Scientific progress is only possible if research is conducted in an open fashion and research data is subjected to fair and critical (preferably transparent) peer-review and is subsequently put on record by being published in the scientific literature allowing then for a discourse of that research data and its various interpretations. While this holds true for all fields of science, it is a fundamental prerequisite for scientific progress when it comes to data that is relevant to environmental and human health. While scientific technological interventions have generated great benefits for human societies and contributed significantly to human progress, history has also shown over and over again, that research that lacks rigour regarding the safety and long term consequences of these technological interventions has caused massive suffering and destruction of environmental and human health. This has cancelled out many or all of their earlier benefits in a manner that could have been avoided if the initial research had been more rigorous.
This attempt to censor inconvenient research data and suppress critical scientific discourse should have no place in the 21st century world. We face a convergence of massive environmental and social problems that put the collective well-being of humanity at risk. This is in many ways the result of the premature and injudicious release of technological interventions without proper safety evaluation for long term consequences. Solving these converging crises will fundamentally hinge on a critical scientific discourse and collective reflection. We need a debate about the various trajectories for progress. This should be informed by rigorous and independent (i.e. technology- disinterested) assessment of technology risks from various perspectives.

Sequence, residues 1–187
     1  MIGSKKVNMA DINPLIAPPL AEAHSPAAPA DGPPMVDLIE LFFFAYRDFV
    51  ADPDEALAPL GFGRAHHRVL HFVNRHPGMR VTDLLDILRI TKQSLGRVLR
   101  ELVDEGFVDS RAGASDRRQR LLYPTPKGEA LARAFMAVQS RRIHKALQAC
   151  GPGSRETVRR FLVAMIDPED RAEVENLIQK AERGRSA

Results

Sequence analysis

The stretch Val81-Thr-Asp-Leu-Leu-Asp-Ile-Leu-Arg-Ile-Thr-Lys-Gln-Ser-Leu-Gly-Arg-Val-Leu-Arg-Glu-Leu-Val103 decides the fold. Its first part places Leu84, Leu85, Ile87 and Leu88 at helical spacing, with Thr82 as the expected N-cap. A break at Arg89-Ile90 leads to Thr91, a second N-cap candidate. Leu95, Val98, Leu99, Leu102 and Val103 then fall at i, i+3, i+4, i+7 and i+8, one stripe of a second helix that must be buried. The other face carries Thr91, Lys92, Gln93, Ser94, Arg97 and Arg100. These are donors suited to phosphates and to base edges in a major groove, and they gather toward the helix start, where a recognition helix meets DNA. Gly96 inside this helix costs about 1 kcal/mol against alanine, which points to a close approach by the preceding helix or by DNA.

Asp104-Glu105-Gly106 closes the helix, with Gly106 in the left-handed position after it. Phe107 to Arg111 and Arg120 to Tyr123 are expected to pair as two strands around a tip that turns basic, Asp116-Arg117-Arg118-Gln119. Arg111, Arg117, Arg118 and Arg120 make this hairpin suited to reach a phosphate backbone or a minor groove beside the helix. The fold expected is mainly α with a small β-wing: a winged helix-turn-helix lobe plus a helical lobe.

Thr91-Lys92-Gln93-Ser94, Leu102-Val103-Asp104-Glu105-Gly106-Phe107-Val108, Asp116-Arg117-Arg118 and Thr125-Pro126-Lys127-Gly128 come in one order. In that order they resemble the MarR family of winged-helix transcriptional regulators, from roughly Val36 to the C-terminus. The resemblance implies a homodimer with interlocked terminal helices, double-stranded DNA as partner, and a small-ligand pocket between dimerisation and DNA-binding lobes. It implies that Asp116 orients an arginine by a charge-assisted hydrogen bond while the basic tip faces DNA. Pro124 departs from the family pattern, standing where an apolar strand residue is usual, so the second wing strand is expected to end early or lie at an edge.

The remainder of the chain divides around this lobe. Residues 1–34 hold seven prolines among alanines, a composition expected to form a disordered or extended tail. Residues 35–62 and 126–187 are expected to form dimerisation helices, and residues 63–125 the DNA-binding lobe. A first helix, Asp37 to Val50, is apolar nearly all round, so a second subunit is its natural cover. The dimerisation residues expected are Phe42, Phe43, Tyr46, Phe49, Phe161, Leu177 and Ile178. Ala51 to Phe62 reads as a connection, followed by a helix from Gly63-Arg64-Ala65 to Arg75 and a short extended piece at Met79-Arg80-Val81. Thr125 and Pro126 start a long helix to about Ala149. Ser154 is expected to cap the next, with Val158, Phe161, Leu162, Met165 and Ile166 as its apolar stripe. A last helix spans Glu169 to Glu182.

Paganelli A, Gnazzo V, Acosta H, Lopez SL and Carrasco AD. Glyphosate-based herbicides produce teratogenic effects on vertebrates by impairing retinoic acid signalling. Chem Res Toxicol, August 9. pubs.acs.org/doi/abs/
Gene Ethics, Australia